Filed under: common core test, NYC Gifted and Talented Program | Tags: nyc high school admissions
Well, it looks like 45 percent of 8th graders get first choice for high school applications! This is great news if you’re a white or Asian student since only 5% of black students and 7% Hispanic students are going to be admitted to these specialized high schools. These are basically gifted and talented programs for the high school students in New York City. Schools like Stuyvesant and Bronx Science not only rank as 2 of the best high schools in NYC but also are in the top school rankings in the United States. According to the article in NY Daily News 84% of the students got one of their first 5 rankings so it’s great news for those students who now can relax for now until the upcoming New York Common Core testing in a just a few weeks. Although, the impact of this year’s test scores for the 8th graders is limited since they have just received their acceptance letters. Not sure why the DOE doesn’t wait until after the testing this year to send out acceptance letters after the Common Core test results are released later this year but I suppose the timeline doesn’t work well since these students need to plan their next step for their high school experiences.
Filed under: erb test, ERB WPPSI, NYC Gifted and Talented Program, private school admissions
Well, so long to the ERB test, sort of. There is now no consistency in the admissions process for private schools in New York City when it comes to testing. According to a recent article in WSJ online it seems that it’s up to the school to decide if there will be test at all and in some cases it’s not mandatory. Although, in the most competitive schools it would be strongly encouraged for parents to present some sort of test scores for their darling child in the admissions process for the most competitive private schools in New York City. It seems that each of the private schools are required to come up with their own admissions standards which I suppose sounds good in theory except for those parents applying to 5 to 10 private schools which could become a logistical nightmare in a process that historically has been extremely stressful for parents.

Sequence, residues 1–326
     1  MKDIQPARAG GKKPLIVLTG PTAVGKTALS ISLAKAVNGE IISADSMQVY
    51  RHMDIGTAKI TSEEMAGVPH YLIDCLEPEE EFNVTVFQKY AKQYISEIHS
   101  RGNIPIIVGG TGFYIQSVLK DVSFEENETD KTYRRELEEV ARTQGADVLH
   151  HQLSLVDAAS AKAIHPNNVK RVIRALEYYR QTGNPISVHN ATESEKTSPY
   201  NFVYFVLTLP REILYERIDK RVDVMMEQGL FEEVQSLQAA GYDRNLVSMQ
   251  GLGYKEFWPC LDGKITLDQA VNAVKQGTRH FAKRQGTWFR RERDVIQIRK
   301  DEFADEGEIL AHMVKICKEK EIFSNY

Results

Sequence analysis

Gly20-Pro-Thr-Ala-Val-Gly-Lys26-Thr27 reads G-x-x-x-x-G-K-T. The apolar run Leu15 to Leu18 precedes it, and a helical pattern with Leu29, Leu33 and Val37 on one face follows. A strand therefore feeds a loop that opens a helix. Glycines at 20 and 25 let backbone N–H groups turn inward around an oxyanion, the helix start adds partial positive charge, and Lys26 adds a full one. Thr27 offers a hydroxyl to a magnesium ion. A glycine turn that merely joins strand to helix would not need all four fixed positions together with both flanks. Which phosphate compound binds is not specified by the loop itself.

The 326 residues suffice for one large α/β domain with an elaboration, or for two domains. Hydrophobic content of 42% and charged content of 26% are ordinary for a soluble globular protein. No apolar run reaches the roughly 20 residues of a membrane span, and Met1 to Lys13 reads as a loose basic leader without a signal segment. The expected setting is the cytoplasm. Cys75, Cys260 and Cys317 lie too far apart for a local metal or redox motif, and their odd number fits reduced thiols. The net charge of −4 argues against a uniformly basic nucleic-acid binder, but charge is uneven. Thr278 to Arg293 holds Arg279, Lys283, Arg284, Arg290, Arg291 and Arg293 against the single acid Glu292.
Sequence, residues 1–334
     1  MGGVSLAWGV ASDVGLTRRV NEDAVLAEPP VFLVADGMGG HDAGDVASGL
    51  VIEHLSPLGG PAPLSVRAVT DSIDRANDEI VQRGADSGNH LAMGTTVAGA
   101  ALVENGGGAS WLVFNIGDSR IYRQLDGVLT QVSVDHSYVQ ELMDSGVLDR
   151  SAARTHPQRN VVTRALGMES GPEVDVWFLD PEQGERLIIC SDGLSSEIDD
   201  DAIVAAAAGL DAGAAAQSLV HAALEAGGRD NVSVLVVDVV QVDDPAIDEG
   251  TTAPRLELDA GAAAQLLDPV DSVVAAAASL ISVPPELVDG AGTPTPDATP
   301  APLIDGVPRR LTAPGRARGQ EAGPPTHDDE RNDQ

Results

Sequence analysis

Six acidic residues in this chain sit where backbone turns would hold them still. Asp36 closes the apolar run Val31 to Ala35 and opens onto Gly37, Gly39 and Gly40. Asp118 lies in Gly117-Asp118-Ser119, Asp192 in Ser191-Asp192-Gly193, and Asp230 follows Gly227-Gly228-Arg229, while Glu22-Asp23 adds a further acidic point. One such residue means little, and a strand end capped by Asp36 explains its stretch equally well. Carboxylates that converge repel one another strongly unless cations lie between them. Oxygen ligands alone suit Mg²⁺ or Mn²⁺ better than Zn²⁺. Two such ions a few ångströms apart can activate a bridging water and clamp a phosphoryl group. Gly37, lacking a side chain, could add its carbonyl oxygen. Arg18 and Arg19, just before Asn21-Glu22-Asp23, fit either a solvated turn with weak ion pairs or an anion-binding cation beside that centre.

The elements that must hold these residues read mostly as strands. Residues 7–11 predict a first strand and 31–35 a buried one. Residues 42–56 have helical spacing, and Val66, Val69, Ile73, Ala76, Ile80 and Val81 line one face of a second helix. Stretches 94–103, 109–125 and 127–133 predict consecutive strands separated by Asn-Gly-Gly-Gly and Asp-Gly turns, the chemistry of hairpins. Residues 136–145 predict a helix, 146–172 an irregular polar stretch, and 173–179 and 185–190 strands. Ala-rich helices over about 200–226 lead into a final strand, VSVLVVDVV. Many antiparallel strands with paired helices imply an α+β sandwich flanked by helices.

This of course has no impact on the NYC gifted and talented admissions process although parents applying to Kindergarten G&T programs and private schools could possibly encounter an array of testing from the OLSAT, NNAT-2 test, Stanford-Binet, WPPSI-IV (ERB) and any other assessment that comes into play for this new group of 4 years olds vying for a spot in the most competitive school systems in the world.
NYC prepares for the ELA and math test coming up in April. This year they are separating the ELA and the math tests over a several week period. Last school year the tests were given back-to-back over a one week period. At least there’s a little break this year. Sites like Testing Mom have tons of practice materials for the ELA and math test for NYC common core testing this year.
Last year was the first year of the new and much tougher test that only 29% of the students in New York actually passed the exam so that’s left lots of room for improvement for this year’s test. There have been many rumors coming from Albany about the delayed implementation of the common core standards but this isn’t going to stop the NYC dept of ed from administering the ELA and math test this school year. The test results have little to no impact on students outside of New York City but within the city the fourth grade test is used for admissions for the middle school process. If your child doesn’t score at least a 3 or 4 on the fourth grade ELA and math tests then you can forget about getting him or her into one of the top middle school programs in the city. Many parents are now worrying as much about this as they did for the gifted and talented test for getting into kindergarten.
This school year the tests remain pencil to paper although the long-term goal is to eventually have all the testing done on tablets within the school. As with any technology initiative within the public school system (especially New York City) I don’t foresee the implementation of the testing tablets to happen in any time soon.
We’ll see if the students score higher this year than in previous years as parents are stepping up the prep for this test because they know the stakes are high. Getting into one of these top middle schools sets the stage for where the child will end up going to high school. Yep, only in New York City folks!